Services running in Kubernetes are exposed using Kubernetes Services. The following Service manifest will attach to our Postgres deployment and accept traffic over TCP port 5432.
apiVersion: v1 kind: Service metadata: name: postgres spec: selector: app: postgress ports: - protocol: TCP port: 5432 clusterIP: none
In the manifest above we’ve chosen not to provide an internal Cluster IP address to our Postgres service. We do not want the service to be exposed outside of the cluster. Rather, we want to force applications to connect to this service using Kubernetes’ CoreDNS.
The DNS name for this service will be the following.
default part of the name is derived from the resource’s namespace. Since we have not set a namespace for our Postgre reources, they will automaticaly default to the default namespace.
Backing up Databases
As with any database service, backups should be done routinely in order to safe guard your data. While you could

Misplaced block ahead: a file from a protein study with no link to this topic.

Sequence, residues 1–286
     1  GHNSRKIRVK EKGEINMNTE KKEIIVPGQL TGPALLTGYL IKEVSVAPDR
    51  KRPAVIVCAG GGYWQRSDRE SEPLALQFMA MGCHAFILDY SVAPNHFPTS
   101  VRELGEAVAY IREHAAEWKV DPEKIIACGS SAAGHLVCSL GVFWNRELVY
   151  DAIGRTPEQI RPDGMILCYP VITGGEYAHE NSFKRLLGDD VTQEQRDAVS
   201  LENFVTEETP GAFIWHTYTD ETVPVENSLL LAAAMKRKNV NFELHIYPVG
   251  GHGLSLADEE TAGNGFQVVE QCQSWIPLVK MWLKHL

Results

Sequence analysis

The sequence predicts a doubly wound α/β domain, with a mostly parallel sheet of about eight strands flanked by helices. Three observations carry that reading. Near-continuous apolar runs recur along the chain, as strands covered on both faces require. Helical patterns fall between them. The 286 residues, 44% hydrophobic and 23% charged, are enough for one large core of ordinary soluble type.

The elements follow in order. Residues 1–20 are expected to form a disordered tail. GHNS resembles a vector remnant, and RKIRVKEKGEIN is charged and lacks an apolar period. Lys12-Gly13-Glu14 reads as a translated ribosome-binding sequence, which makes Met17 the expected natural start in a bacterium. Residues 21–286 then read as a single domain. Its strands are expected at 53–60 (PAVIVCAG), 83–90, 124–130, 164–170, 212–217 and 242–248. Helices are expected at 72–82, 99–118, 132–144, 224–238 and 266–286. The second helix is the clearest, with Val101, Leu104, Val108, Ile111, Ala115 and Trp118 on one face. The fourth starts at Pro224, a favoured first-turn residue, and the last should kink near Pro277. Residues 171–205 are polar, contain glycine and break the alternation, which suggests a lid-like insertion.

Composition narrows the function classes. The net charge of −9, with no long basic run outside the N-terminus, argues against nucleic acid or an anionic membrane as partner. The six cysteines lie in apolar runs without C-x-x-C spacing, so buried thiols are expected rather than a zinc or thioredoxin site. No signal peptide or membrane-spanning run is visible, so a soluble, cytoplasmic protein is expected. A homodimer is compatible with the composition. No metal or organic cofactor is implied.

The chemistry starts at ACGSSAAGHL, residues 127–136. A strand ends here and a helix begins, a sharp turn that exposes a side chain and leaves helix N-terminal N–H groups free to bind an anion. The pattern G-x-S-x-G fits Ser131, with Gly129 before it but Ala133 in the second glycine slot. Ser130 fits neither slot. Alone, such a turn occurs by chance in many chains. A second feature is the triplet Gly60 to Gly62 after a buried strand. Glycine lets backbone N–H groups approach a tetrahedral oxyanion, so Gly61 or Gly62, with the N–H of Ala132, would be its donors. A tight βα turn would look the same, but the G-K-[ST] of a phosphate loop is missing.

kubectl exec into the running Postgres Pod and run the
pg_dump, that’s a manual process that should be avoided.
Instead, we are going to create a CronJob in order for us to automate the task. A Kuberentes CronJob is a scheduled job that schedules a pod for executing commands. Our CronJob will perform the following tasks.
- Use the Google Cloud SDK Docker image
- Mount the Postgre database persistent volume.
- Use the Postgres ConfigMap and Secret to inject environment variables
pg_dumpagainst the database
- Copy the database dump to a Google Cloud Storage Bucket.